A teenager who spent lockdown practicing embroidery has quit her supermarket job after using social media to promote her tote bag designs, and can now turn over five figures a day.
Maisie Crompton, 19, who lives in Cambridge, explained that she was working one day a week at Waitrose during lockdown and began embroidery as a hobby to stop her from being bored.
She noticed other people were interested in her designs after using TikTok to document her learning process.
Having purchased materials from Amazon with £25 from her grandmother, Maisie debuted her sell-out range of products on Depop and now earns up to £12,000 in sales a day on her own website, offering both personalised bags and her own embroidered designs.
Maisie Crompton, 19, (pictured) who lives in Cambridge, has launched Totes For You after taking up embroidery as a hobby during lockdown
Maisie, who boasts over 176,000 followers on TikTok and almost 7,000 on YouTube, admitted that she hadn’t expected to be able to quit her supermarket job just months after launching Totes For You.
In a YouTube vlog, Maisie said: ‘In the first lockdown I had just finished my A-Levels. I was working in a supermarket, so I was counted as a key worker and I was really bored in my free time. I had an idea to start embroidering.
‘I started a series on TikTok where I basically just shared the journey with everyone and it went down well, better than I expected. I documented the process from getting the idea, creating the ideas to getting the materials to starting the website. Everything.
‘I had no idea how to run a business let alone a successful business. I knew the basics that you should be making more money than you’re spending, and that was about it.’
The teenager claimed studying GCSE business didn’t help, so she focused on doing her own research and creating designs.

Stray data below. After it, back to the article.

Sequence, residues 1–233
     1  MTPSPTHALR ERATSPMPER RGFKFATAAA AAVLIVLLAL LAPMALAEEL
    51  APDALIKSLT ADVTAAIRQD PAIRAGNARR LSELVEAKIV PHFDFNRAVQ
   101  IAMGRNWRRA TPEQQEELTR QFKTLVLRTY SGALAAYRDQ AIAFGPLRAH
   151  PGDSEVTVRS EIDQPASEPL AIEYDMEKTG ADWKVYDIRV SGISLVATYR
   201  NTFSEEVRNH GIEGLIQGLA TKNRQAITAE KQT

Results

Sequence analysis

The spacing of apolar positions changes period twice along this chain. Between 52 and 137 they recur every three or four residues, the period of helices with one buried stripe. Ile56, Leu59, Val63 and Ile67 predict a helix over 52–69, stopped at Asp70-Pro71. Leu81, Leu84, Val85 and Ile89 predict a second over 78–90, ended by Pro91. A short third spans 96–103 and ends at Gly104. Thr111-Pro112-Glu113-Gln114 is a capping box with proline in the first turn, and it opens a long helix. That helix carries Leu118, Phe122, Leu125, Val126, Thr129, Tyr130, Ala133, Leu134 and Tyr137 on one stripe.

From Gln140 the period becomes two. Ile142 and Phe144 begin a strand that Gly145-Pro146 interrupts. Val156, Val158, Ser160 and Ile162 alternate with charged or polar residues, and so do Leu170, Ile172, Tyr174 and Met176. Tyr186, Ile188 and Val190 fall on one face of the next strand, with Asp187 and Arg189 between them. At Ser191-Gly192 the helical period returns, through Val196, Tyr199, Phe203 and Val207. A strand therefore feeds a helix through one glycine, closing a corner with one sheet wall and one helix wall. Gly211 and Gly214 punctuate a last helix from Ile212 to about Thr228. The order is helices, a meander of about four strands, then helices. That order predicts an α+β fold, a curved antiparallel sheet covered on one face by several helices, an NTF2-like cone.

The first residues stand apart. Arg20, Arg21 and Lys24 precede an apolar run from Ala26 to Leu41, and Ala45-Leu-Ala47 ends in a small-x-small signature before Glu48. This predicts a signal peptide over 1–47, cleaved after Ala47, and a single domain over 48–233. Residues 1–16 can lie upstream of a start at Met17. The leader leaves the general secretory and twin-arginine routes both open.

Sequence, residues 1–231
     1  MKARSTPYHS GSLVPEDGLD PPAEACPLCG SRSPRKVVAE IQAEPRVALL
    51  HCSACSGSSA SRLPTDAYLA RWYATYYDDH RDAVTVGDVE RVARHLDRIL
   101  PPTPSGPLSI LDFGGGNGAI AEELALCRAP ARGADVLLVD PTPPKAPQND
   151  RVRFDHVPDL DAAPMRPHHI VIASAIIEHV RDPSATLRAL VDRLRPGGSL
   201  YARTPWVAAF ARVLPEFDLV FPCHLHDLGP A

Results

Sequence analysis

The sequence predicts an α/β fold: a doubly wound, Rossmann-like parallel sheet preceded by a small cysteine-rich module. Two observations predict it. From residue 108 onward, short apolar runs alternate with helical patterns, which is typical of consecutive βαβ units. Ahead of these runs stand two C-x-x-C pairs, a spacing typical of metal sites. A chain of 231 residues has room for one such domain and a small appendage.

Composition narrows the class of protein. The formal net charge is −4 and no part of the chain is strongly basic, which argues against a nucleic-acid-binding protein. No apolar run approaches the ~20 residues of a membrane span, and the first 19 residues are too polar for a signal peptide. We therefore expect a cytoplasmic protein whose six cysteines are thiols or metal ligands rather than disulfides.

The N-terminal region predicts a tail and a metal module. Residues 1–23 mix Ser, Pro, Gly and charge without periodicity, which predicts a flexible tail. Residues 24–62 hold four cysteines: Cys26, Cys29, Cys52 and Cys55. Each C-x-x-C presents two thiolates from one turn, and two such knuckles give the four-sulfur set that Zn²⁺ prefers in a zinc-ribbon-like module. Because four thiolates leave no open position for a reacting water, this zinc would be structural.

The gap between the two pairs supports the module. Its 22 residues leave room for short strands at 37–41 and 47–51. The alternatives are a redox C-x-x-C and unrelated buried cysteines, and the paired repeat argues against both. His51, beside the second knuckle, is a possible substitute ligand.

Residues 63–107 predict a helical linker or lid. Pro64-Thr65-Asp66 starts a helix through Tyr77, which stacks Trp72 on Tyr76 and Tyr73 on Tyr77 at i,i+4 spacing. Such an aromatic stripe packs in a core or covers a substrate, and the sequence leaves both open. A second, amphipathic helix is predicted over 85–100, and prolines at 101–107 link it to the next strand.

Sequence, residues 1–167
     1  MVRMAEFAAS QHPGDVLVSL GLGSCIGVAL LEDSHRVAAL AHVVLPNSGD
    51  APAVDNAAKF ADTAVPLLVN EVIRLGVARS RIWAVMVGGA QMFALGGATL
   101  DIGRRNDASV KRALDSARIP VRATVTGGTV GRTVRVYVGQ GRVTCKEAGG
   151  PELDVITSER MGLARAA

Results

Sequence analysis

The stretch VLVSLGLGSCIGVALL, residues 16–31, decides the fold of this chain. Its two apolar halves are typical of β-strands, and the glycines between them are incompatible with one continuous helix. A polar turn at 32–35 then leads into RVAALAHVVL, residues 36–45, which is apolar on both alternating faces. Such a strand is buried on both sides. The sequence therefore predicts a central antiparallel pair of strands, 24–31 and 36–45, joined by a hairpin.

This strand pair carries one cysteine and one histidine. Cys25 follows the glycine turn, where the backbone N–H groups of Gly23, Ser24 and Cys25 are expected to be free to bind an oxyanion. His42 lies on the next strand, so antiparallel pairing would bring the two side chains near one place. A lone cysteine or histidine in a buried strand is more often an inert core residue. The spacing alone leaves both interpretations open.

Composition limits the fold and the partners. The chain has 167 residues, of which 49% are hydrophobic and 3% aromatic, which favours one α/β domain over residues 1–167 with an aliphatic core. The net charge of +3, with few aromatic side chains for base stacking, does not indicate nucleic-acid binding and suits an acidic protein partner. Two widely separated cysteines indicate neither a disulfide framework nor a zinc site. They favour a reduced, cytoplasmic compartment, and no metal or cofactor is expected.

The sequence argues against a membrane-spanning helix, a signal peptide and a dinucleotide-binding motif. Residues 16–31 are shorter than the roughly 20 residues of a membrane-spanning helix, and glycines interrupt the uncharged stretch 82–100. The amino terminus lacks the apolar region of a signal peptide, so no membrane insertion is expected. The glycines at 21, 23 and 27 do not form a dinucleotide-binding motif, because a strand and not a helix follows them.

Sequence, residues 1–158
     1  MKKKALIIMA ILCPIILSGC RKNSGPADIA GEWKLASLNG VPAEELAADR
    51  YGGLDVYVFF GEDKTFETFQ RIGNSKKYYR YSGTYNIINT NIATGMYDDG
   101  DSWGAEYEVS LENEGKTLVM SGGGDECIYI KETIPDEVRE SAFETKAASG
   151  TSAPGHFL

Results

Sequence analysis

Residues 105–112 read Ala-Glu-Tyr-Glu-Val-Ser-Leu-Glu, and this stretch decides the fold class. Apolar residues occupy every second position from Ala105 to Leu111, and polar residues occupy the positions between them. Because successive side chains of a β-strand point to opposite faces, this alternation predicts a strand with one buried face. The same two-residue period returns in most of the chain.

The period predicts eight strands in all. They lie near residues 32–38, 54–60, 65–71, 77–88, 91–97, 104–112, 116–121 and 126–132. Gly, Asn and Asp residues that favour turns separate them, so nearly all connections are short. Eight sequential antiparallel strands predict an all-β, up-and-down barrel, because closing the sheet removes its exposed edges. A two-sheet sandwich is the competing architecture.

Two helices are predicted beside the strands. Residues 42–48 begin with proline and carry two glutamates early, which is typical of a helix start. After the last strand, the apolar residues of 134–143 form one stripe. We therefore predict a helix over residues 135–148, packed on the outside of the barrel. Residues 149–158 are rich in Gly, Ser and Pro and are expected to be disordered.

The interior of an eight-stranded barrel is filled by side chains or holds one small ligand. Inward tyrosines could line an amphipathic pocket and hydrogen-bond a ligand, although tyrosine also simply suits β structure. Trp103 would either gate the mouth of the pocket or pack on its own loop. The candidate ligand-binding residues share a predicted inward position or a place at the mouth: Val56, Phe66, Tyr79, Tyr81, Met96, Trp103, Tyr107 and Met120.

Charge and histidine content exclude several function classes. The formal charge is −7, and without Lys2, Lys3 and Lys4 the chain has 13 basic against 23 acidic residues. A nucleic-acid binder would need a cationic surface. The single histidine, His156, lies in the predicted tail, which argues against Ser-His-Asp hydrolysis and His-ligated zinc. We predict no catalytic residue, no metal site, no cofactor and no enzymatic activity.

She revealed her first TikTok video about her embroidery racked up over 60,000 views within a week.
Maisie said she spent £25 on materials to start her business, including needles, an embroidery hoop, thread and tote bags. Pictured: Maisie’s embroidery on a tote bag
Maisie revealed that she began the business using hand embroidery after her grandmother gave her £25, saying: ‘I bought needles, embroidery hoop, embroidery thread and tote bags for £25 all of Amazon. Obviously since then I’ve changed my suppliers.
‘When I was about 10/11 I was really into sewing, then when I was a teenager I didn’t really do much but I still had the skills to do it.
‘It came quite naturally to me when I started. Also,A I’m a perfectionist, so if I couldn’t do it I was going to work until I could.
‘Each one would take me about one to three hours but I had the time, there was nothing else to do during lockdown.’
Maisie (pictured) said her website began racking up £4,000 a month in sales when it first launched, and she hadn’t earned as much in a year at Waitrose
Maisie said she chose Depop as her first selling platform because there aren’t any initial start up fees.
Racking up five star reviews, she decided to start her own website by asking friends to model her products and bought a second-hand embroidery machine to increase the speed of production.
Maisie said: ‘The day we launched I made 13 sales. I was so happy, I was buzzing. We made around £4,000 in a month, I had never seen money like that come in.
‘To put it into perspective I worked a year at Waitrose and didn’t even make four grand that year. That was sales, not profit but it was crazy to me.’
Maisie (pictured), who is saving to buy a house, admitted it’s been difficult to remain motivated since launching her business
Maise’s website has since expanded its range of products to include sweatshirts for £36, T-shirts for £24 and stationery from £1.40 – in addition to her tote bags which start from £15.
The 19-year-old admitted due to the popularity of her business it’s difficult to do everything that she wants to do including uploading regularly to YouTube.
She said work can be ‘overwhelming’ and revealed that she often has to go outside of her home to find motivation.
Maisie revealed that she’s now saving for a mortgage on her own house, saying: ‘I would rather not rent because I see it as a waste of money.
‘I’m financially stable enough that I can afford to live somewhere nice, but it’s just not money that I really want to spend.’